Jobs growth may be slowing, but is it enough to change the RBA's mind?

“It’s jobs, stupid,” to paraphrase Bill Clinton — and this week’s employment data may prove pivotal in the debate over where interest rates should be heading.

The week in finance:February labour force figures (Thursday) expected to show unemployment at 5pc and 15,000 job addedNufarm (Wednesday) and Sigma Healthcare (Thursday) release resultsUS and EU manufacturing surveys (Friday) will give insights in the global economy

Continued jobs growth eroding unemployment and pushing up wages is central to the Reserve Bank’s belief it does not need to cut rates.

Those pushing for cuts believe the jobs boom is about to crack under the weight of a mass of signals pointing to a broadening economic slowdown.

A weak set of numbers on Thursday could well see the market price in two rate cuts this year (currently the betting is one) and more pressure on the RBA to shift its neutral stance.

So far the RBA’s conviction has partially held true.

Jobs have continually been added at a fairly brisk pace.

However, the unemployment rate can’t seem to dive under 5 per cent, down into a range capable of firing up wages growth.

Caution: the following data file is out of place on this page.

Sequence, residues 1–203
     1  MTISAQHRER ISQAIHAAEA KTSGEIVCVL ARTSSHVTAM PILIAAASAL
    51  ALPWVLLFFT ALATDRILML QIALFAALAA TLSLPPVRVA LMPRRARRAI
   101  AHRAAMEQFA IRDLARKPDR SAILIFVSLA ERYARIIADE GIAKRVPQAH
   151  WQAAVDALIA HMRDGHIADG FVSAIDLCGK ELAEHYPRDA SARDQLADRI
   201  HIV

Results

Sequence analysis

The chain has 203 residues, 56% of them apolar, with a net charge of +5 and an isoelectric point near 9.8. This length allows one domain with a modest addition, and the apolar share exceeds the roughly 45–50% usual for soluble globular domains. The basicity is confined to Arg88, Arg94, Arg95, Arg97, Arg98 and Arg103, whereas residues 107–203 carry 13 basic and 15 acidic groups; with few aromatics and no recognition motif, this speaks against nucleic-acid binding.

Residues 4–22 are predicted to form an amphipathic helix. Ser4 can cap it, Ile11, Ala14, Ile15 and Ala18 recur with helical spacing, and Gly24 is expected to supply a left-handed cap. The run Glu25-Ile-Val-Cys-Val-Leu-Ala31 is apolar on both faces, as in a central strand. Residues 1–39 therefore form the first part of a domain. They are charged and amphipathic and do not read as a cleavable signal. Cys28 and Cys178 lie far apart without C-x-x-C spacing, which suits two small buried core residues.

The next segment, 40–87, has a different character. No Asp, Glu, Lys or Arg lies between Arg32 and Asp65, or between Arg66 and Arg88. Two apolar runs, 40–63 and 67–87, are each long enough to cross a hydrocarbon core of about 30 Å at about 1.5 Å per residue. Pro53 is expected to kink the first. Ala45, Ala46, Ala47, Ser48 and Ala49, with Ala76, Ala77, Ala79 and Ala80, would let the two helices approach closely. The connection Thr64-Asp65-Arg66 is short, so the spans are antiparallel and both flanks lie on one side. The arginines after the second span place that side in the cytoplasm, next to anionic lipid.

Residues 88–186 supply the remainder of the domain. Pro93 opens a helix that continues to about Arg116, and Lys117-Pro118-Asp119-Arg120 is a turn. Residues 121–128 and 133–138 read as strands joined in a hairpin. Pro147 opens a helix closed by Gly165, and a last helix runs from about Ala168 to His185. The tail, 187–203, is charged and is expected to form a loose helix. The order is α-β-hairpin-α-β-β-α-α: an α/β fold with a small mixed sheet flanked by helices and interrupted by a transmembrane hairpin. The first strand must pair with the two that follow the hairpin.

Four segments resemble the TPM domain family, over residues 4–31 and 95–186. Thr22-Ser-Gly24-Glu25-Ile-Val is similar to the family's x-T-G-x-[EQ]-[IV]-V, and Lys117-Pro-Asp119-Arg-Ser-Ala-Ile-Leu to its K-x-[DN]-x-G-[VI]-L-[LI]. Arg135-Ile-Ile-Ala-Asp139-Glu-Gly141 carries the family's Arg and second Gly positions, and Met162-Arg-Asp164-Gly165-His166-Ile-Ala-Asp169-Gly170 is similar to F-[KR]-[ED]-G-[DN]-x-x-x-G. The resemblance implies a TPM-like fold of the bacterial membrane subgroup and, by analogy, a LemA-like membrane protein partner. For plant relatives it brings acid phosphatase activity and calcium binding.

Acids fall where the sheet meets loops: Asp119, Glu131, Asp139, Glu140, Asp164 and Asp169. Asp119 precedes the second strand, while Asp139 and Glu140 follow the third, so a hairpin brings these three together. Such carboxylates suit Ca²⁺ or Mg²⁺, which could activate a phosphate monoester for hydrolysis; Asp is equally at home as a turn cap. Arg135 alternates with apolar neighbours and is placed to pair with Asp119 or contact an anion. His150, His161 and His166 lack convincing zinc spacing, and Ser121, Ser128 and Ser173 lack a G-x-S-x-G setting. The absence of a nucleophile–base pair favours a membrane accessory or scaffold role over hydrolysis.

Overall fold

January’s barnstorming 39,000 new jobs easily beat the market consensus and they were good quality jobs — more than 65,000 full-time, while there was a net loss of part-time work.

Employment has grown by 2.2 per cent — or around 270,000 jobs — over the past year.

External Link: Employment and unemployment

The market has again gone with what appears to be its default position for the monthly labour force data; 15,000 new jobs and unemployment holding at 5 per cent.

Westpac has split from the pack, suggesting jobs will be shed, although this has more to do with volatility than a major capitulation.

“The leading

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